he theology of the last generation was developed and popularized in the Adventist Church by M. L. Andreasen (The Sanctuary Service
[Washington, D.C.: Review and Herald Pub. Assn., 1937; revised 1947]). Andreasen was building on insights from A. T. Jones and E. J. Waggoner. This theology introduced a strong element of legalism in some sectors of the church by claiming that the character of God, maligned by Satan in the cosmic conflict, will be vindicated through the holy and perfect life of obedience of the last generation of believers. This generation will reach a level of character development unequaled in Christian history, copying perfectly in their lives what God did in Christ. Once this happens, the Lord will return. This theology seeks to explain why the Lord has not returned and the nature and purpose of Christian perfection. It is based primarily on a particular reading of the writings of Ellen G. White.
Christ and the Vindication of God:
In the Bible and the writings of Ellen G. White the cosmic vindication of God is the exclusive result of the sacrificial death of Christ. He was the only one who could reveal who God is and therefore vindicate Him in the cosmic conflict (John 1:18). White is also very clear: “By His life and His death, Christ proved that God’s justice did not destroy His mercy, but that sin could be forgiven, and that the law is righteous, and can be perfectly obeyed. Satan’s charges were refuted.
God had given man unmistakable evidence of His love.”1
What Christ accomplished does not need to be supplemented; it is more than enough.
God’s will for His people has always been the same: Victory over the enslaving power of sin in their lives (Rom. 6:11-14; 8:5-8). Christ has always been the model for the Christian life. But true Christian perfection cannot be separated from the eternal efficacy of the cross and our constant reliance on its forgiving power (1 John 2:1, 2). Christian perfection is a constant growth in grace accompanied by a constant reliance on God’s forgiving grace. Notice how precise Ellen G. White is on this important theological topic: “As the penitent sinner, contrite before God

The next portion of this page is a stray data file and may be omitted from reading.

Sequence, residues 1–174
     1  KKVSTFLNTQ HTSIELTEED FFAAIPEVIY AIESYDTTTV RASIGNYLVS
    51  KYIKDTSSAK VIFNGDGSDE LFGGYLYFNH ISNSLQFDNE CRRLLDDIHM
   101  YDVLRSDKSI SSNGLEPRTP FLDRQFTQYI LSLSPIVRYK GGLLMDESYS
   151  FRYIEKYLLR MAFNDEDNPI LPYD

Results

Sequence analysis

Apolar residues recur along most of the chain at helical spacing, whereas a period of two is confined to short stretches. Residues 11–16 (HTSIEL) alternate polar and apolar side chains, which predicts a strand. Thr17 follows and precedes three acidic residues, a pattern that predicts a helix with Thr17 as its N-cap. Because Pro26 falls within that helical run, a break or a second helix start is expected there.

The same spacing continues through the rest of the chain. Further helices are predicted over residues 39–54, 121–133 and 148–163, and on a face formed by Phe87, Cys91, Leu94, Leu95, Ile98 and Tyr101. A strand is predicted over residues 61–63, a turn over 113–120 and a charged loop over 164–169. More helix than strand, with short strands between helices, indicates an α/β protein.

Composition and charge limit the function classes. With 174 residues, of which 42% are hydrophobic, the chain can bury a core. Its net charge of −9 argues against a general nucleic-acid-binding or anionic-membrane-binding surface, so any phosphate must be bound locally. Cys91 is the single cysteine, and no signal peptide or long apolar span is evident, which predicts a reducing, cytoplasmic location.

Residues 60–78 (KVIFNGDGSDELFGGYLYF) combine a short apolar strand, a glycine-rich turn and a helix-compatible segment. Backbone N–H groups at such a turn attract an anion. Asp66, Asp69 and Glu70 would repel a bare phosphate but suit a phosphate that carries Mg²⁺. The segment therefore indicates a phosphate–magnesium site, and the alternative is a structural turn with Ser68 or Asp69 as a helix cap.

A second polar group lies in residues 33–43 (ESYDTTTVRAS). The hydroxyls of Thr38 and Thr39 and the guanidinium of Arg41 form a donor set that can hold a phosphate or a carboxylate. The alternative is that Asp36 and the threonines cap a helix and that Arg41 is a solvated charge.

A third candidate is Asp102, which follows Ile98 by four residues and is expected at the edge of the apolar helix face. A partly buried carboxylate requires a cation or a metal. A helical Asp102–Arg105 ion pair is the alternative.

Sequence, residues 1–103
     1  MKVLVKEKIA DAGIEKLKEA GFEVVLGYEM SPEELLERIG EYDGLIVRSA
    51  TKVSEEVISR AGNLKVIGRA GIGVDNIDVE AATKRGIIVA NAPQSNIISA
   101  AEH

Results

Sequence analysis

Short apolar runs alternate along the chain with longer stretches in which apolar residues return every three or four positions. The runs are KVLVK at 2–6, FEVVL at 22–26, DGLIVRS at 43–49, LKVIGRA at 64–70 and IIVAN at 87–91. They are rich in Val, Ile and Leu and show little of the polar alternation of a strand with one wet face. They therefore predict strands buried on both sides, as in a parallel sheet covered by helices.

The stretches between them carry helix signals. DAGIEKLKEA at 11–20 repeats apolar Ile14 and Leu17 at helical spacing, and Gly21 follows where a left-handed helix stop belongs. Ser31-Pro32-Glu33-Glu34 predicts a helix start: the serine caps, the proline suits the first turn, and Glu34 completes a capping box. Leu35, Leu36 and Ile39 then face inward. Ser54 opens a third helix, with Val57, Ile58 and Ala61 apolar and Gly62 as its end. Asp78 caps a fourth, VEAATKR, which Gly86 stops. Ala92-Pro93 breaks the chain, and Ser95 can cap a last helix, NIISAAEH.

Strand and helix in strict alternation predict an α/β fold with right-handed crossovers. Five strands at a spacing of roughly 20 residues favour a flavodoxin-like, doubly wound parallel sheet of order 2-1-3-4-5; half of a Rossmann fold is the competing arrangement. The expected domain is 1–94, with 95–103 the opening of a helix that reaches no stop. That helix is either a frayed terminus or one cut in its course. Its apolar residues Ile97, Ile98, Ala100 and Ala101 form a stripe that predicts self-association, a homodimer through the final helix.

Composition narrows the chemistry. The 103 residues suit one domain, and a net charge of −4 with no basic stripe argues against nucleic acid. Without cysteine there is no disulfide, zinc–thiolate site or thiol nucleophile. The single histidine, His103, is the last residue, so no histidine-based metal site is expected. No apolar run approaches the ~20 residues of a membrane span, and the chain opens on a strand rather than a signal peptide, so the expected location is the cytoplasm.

, discerns Christ’s atonement in his behalf, and accepts this atonement
as his only hope in this life and the future life, his sins are pardoned.
This is justification by faith. Every believing soul is to conform his will entirely to God’s will, and keep in a state of repentance and contrition
, exercising faith in the atoning merits of the Redeemer and advancing
from strength to strength, from glory to glory.”2
We will perfectly reproduce the character of Christ in our lives through growth in grace and by absolutely relying every day in Christ’s forgiving grace.
Safety in Heaven:
Although it would be possible for sin to arise again in heaven, this will never happen in actuality. The reason is not found in the unique experience of the last generation of believers but in the work of Christ on the cross. He, through the cross, reconciled the whole cosmos to God in a permanent bond of union (Col. 1:19, 20). Again, White is powerfully clear: “The angels ascribe honor and glory to Christ, for even they are not secure except by looking to the sufferings of the Son of God. It is through the efficacy of the cross that the angels of heaven are guarded from apostasy. Without the cross they would be no more secure against evil than were the angels before the fall of Satan”3
The perfection of creatures is not powerful enough to hold the cosmos together. Praise God for Christ! í
1 Ellen G. White, The Desire of Ages (Mounatin View, Calif.: Pacific Press Pub. Assn., 1898), p. 762. (Italics supplied.)
2 The Seventh-day Adventist Bible Commentary, Ellen G. White Comments, vol. 6, p. 1070. (Italics supplied.)
3 Ellen G. White, “What Was Secured by the Death of Christ,” Signs of the Times, Dec. 30, 1889.
Angel Manuel Rodríguez, retired, was director of the Biblical Research Institute, General Conference. This article was published October 10. 2013.